First. In Commissioner v. Church, 335 U.S. 632, 69 S.Ct. 322, we have discussed the Hallock holding in relation to the scope of the 'possession or enjoyment' provision of § 811(c) and need not elaborate what we said there. What we said demonstrates that the taxability of a trust corpus under this provision of § 811(c) does not hinge on a settlor's motives, but depends on the nature and operative effect of the trust transfer. In the Church case we stated that a trust transaction cannot be held to alienate all of a settlor's 'possession or enjoyment' under § 811(c) unless it effects 'a bona fide transfer in which the settlor, absolutely, unequivocally, irrevocably, and without possible reservations, parts with all of his title and all of his possession and all of his enjoyment of the transferred property. After such a transfer has been made, the settlor must be left with no present legal title in the property, no possible reversionary interest in that title, and no right to possess or to enjoy the property then or thereafter. In other words such a transfer must be immediate and out and out, and must be unaffected by whether the grantor lives or dies.' We add to t at statement, if it can be conceived of as an addition, that it is immaterial whether such a present or future interest, absolute or contingent, remains in the grantor because he deliberately reserves it or because, without considering the consequences, he conveys away less than all of his property ownership and attributes, present or prospective. In either event the settlor has not parted with all of his presently existing or future contingent interests in the property transferred. He has therefore not made that 'complete' kind of trust transfer that § 811(c) commands as a prerequisite to a showing that he has certainly and irrevocably parted with his 'possession or enjoyment.' Any requirement less than that which we have outlined, such as a post-death attempt to probe the settlor's thoughts in regard to the transfer, would partially impair the effectiveness of the 'possession or enjoyment' provision as an instrument to frustrate estate tax evasions. To this extent it would defeat the precise purpose for which the provision was originated and which prompted Congress to include it in § 811(c).

Determination of such issues as ownership, possession, enjoyment, whether transfers have been made and the reach of those transfers, may involve many questions of fact. And we have held in many cases that to the extent the determination of such issues depends upon fact finding, many different facts may be relevant. These fact issues in federal tax cases are for the Tax Court to decide in cases brought before it.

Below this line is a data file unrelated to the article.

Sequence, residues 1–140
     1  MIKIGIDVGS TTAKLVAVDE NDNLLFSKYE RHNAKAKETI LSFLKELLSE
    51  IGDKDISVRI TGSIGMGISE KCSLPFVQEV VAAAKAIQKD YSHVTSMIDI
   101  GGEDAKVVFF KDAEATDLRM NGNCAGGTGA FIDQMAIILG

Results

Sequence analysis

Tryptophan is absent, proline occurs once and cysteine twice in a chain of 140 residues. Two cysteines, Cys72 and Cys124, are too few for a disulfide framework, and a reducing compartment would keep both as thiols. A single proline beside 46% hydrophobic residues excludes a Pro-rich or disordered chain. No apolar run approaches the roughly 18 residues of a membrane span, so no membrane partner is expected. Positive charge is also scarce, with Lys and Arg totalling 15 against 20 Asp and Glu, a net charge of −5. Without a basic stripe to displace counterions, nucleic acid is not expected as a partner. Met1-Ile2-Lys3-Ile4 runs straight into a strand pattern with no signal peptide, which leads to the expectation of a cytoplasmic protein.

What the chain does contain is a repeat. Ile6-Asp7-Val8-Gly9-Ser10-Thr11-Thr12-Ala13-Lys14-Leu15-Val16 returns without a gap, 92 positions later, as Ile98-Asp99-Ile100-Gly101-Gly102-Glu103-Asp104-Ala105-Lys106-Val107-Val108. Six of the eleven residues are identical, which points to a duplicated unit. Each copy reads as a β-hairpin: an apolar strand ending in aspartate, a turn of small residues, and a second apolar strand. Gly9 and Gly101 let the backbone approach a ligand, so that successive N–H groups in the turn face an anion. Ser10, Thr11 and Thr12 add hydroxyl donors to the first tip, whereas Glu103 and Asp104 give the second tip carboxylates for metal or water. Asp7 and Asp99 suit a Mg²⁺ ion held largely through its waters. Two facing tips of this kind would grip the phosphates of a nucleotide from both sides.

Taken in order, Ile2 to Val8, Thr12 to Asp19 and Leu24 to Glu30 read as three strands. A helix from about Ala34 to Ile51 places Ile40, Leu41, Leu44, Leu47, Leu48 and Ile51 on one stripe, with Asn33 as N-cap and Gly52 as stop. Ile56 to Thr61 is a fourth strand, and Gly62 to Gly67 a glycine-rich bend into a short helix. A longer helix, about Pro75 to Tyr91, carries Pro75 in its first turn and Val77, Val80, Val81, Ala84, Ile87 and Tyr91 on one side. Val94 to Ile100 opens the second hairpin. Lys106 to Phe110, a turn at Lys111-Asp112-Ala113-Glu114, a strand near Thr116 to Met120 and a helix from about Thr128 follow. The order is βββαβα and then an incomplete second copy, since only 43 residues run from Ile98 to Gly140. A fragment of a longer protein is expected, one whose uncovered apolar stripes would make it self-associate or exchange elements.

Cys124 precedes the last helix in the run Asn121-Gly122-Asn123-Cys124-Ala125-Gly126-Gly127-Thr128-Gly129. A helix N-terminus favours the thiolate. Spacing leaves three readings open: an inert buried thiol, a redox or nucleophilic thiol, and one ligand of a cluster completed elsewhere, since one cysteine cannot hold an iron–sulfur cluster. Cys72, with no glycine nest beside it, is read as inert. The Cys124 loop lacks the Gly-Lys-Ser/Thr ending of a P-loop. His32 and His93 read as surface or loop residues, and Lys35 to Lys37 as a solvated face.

In this case the Tax Court made findings of fact and then decided against the Government. It did so, however, by holding as a matter of law that those facts did not require inclusion of the value of this corpus in the settlor's estate. 2 But the Tax Court's findings of fact showed that the trust contained no provision for disposition of the corpus should the settlor outlive the beneficiaries. This finding of fact, which we accept, plus the Court of Appeals determination of controlling Illinois law without more, brings this trust transaction within the scope of the possession or enjoyment provision of § 811(c) as we have interpreted that section in the Hallock and Church cases. And petitioner has not contended that it was denied an opportunity to present any relevant evidence concerning ownership, possession, or enjoyment. It is therefore not necessary to remand the case to the Tax Court for any further findings of facts. See Hormel v. Helvering, 312 U.S. 552, 559, 560, 61 S.Ct. 719, 722, 723, 85 L.Ed. 1037.

Second. It is contended that since the monetary value of the settlor's contingent reversionary interest is small in comparison with the total value of the corpus, the possession or enjoyment provision of § 811(c) should not be applied. But inclusion of a trust corpus under that provision is not dependent upon the value of the reversionary interest. Fidelity-Philadelphia Trust Co. v. Rothensies, 324 U.S. 108, 112, 65 S.Ct. 508, 510, 89 L.Ed. 782, 159 A.L.R. 227; Commissioner v. Estate of Field, 324 U.S. 113, 116, 65 S.Ct. 511, 512, 89 L.Ed. 786, 159 A.L.R. 230; see Goldstone v. United States, 325 U.S. 687, 691, 65 S.Ct. 1323, 132 , 89 L.Ed. 1871, 159 A.L.R. 1330. The question is not how much is the value of a reservation, but whether after a trust transfer, considered by Congress to be a potentially dangerous tax evasion transaction, some present or contingent right or interest in the property still remains in the settlor so that full and complete title, possession or enjoyment does not absolutely pass to the beneficiaries until at or after the settlor's death. See Smith v. Shaughnessy, 318 U.S. 176, 181, 63 S.Ct. 545, 547, 87 L.Ed. 690.

Third. It is contended that under Illinois law the corpus of this trust would not have reverted to the settlor had he outlived the beneficiaries. The record reveals that the state law problem here is not an easy one, but under this Court's decision in Meredith v. Winter Haven, 320 U.S. 228, 64 S.Ct. 7, 88 L.Ed. 9, the difficulty involved did not relieve the Court of Appeals of its duty to make a decision. The questioned ruling was made by three judges who are constantly required to pass upon Illinois law questions. One of the three judges has long been a resident and lawyer of Illinois. Examination of the Illinois state court opinions pressed upon us leaves us unable to say with any degree of certainty that the Court of Appeals holding was wrong. It is certainly neither novel nor unreasonable for state law to provide that when all trust beneficiaries die the...